Learn More About CSS Pseudo Selectors By Building A Balance Sheet - Step 57

Tell us what’s happening:
I am struggling to understand what’s the difference between the following selectors:

  1. tr[class~="total"]
  2. tr[class="total"]
  3. tr.total

To the best of my understanding, the first one will select all tr elements if they have total as one of the classes in their list of classes. The second is only targeting the tr elements that only have one class i.e., total. But where does the third one fit in all this and how is it different? To me, it seems similar to the 2nd one.

Your code so far

tr.total td {
  text-align: right;
  padding: 0 0.25rem
}

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User Agent is: Mozilla/5.0 (Windows NT 10.0; Win64; x64) AppleWebKit/537.36 (KHTML, like Gecko) Chrome/114.0.0.0 Safari/537.36 Edg/114.0.1823.41

Challenge: Learn More About CSS Pseudo Selectors By Building A Balance Sheet - Step 57

Link to the challenge:

The key difference between tr[class=“total”] and tr. total is that the first will select tr elements where the only class is total . The second will select tr elements where the class includes total .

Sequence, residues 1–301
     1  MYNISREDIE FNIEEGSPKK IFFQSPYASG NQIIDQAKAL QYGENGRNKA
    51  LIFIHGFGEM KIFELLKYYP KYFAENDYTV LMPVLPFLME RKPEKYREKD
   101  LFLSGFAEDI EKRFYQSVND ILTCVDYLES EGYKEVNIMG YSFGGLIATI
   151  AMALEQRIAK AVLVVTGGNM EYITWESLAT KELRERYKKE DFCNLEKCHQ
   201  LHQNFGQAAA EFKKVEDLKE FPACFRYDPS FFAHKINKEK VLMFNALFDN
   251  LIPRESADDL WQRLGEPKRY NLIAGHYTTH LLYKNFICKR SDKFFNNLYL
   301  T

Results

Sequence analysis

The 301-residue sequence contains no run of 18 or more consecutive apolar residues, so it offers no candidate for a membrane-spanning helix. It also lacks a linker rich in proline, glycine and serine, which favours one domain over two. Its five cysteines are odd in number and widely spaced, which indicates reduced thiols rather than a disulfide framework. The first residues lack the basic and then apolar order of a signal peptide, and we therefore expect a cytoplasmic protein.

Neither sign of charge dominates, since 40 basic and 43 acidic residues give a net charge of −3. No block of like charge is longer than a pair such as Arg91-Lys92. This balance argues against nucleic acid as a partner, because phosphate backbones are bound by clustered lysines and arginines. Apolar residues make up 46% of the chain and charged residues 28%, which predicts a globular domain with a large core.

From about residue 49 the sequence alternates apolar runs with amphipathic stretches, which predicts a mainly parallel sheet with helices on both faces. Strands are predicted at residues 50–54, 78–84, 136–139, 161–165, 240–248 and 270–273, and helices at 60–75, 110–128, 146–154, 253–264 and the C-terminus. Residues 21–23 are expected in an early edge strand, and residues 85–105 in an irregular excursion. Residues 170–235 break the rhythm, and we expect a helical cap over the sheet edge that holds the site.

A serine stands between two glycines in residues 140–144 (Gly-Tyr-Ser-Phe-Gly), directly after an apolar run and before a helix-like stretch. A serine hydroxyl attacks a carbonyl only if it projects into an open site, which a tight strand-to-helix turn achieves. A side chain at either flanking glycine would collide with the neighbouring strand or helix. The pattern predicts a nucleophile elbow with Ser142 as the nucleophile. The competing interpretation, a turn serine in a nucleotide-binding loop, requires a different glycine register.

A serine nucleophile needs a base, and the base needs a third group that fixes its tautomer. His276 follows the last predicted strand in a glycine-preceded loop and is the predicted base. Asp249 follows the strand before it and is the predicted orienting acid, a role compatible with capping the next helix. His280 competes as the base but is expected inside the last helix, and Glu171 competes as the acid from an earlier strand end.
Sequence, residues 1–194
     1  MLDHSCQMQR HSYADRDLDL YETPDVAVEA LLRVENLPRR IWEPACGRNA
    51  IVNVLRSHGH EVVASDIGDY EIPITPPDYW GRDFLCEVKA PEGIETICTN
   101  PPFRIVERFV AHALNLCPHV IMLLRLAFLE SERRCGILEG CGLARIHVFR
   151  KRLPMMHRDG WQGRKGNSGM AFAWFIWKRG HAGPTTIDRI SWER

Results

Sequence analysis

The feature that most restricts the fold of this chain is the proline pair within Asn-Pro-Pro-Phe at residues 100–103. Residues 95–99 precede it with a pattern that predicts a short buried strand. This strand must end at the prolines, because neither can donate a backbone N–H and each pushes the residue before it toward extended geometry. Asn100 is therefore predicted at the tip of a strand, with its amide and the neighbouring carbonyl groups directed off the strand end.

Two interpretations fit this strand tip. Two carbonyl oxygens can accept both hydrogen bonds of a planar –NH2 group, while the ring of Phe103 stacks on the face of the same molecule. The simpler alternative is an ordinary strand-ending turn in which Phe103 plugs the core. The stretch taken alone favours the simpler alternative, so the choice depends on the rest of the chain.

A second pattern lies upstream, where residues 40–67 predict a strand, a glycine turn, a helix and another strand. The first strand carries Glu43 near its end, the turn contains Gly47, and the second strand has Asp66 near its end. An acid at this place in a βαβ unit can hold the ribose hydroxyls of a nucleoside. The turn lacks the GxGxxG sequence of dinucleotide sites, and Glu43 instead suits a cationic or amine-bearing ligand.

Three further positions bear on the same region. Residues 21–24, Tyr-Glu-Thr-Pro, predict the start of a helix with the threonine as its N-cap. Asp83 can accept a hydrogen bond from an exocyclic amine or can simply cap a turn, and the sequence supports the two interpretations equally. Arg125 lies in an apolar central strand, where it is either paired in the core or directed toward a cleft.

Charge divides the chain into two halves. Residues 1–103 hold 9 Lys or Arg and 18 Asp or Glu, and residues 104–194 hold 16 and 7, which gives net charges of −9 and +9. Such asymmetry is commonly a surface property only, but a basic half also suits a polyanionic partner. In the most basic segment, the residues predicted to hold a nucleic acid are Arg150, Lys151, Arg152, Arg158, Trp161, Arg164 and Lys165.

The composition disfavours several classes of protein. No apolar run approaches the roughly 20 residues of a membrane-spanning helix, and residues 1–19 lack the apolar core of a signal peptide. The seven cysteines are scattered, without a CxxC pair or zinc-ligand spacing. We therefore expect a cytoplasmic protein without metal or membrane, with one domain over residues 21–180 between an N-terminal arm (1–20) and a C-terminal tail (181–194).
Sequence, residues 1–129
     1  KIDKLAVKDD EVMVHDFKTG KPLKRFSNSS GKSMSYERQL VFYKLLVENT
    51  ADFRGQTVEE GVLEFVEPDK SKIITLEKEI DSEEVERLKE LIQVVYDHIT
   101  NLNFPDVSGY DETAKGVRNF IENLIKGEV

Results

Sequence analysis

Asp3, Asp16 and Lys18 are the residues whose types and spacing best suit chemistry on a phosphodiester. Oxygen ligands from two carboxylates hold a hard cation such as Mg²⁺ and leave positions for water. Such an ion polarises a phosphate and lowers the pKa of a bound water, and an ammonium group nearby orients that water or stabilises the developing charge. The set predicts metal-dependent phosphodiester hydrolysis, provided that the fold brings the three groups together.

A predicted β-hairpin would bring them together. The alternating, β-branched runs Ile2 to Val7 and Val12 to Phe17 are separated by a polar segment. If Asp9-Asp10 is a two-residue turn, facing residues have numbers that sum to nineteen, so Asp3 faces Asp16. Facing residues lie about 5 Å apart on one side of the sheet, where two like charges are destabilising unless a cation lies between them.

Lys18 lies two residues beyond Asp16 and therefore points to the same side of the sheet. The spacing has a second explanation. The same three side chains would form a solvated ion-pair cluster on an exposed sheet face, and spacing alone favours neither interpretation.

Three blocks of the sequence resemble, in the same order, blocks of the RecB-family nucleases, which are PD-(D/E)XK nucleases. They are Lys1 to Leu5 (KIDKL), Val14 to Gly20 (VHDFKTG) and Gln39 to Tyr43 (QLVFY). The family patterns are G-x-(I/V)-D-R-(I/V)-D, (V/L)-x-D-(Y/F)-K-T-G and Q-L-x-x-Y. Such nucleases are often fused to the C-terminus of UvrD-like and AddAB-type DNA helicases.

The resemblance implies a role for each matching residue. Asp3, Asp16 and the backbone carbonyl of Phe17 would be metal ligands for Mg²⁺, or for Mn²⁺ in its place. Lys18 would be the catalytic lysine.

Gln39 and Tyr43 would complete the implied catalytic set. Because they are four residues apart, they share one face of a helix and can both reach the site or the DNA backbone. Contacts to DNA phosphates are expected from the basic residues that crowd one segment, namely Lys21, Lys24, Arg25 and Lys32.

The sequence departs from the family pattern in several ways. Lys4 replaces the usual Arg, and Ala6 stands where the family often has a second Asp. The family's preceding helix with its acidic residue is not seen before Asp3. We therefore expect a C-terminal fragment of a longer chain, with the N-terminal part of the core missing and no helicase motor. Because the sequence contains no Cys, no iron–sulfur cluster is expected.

In this case, the following selectors will do the same:

tr[class="total"] td {
text-align: right;
padding: 0 0.25rem;
}
tr.total td {
  text-align: right;
  padding: 0 0.25rem
}

But If ‘tr’ elements have more values for the ‘class’ attribute (aka different classes), the second solution will target only those with the ‘class’ that includes “total” besides other values. In this example, the main purpose is to try different options although the ‘class’ attribute has the same values throughout the whole HTML code. Nevertheless, the second selector targets only ‘td’ elements, so it is applicable in this case.

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Did this and noted my observation as comments in the CSS code. Do I have it right?

The following code line:

<p class="one two three">text <i>Text</i> <span>Yes</span> <b>Of Course</b></p>
<p class="two three">text <i>Text</i> <span>Yes</span></p>

with this css rules:

p.one i {
  color:red;
}
p.one b {
  color:yellow;
}
p.one span {
  color: blue;
}

gives as a result this:
image

Try to find the difference in relation to other selectors you have used.
Obviously, I have targeted the particular elements within the first p element with given CSS rules, but with different styles.

Also, pay attention to the cascading principle:
" If different styles are defined on the same priority level, the last one has the highest priority."

Tried different selectors such as p i, p[class], p[class="one"], p[class~="one"] and .three. I think now I understand how these selectors work differently from each other.
And yeah, I observed that cascading principle during some of the projects. Thank you so much! :slight_smile:

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